Tuesday, February 21, 2017

Wednesday, February 15, 2017

What Were They Talking About?

Via the New York Times:

WASHINGTON — Phone records and intercepted calls show that members of Donald J. Trump’s 2016 presidential campaign and other Trump associates had repeated contacts with senior Russian intelligence officials in the year before the election, according to four current and former American officials.

American law enforcement and intelligence agencies intercepted the communications around the same time they were discovering evidence that Russia was trying to disrupt the presidential election by hacking into the Democratic National Committee, three of the officials said. The intelligence agencies then sought to learn whether the Trump campaign was colluding with the Russians on the hacking or other efforts to influence the election.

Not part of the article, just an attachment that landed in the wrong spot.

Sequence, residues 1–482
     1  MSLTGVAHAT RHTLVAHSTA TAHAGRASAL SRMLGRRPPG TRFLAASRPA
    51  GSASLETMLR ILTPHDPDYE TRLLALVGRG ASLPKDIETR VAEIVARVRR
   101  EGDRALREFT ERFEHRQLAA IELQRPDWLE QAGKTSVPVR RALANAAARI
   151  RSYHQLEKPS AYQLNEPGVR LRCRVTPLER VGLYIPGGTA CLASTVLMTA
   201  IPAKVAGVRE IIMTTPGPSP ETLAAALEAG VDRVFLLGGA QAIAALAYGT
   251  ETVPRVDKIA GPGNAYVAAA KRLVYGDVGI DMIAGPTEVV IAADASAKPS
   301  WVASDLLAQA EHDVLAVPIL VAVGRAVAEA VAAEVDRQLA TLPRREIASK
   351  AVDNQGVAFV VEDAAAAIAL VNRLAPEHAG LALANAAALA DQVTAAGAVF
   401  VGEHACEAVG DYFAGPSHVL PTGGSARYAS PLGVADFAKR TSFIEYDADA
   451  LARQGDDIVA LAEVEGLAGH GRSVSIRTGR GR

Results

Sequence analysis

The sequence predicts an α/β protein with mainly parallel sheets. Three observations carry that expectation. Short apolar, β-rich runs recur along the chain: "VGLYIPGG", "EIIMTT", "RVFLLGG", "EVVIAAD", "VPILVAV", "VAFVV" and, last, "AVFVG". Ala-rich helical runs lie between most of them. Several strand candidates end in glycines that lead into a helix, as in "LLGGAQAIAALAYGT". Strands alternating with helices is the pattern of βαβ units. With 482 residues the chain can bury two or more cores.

The officials interviewed in recent weeks said that, so far, they had seen no evidence of such cooperation.

But the intercepts alarmed American intelligence and law enforcement agencies, in part because of the amount of contact that was occurring while Mr. Trump was speaking glowingly about the Russian president, Vladimir V. Putin. At one point last summer, Mr. Trump said at a campaign event that he hoped Russian intelligence services had stolen Hillary Clinton’s emails and would make them public.

So if there’s no evidence so far that they were colluding with Russia on the hacking, what were they talking about?  Borscht recipes?  Doping the Olympics?  Arranging dates?

Wishful Thinking

From the Nothing To See Here files:

House Oversight Committee Chairman Jason Chaffetz (R-Utah), meanwhile, told NBC News’ Kasie Hunt, in response to a question about the possibility of a bipartisan investigation of Flynn scandal, “That situation has taken care of itself.”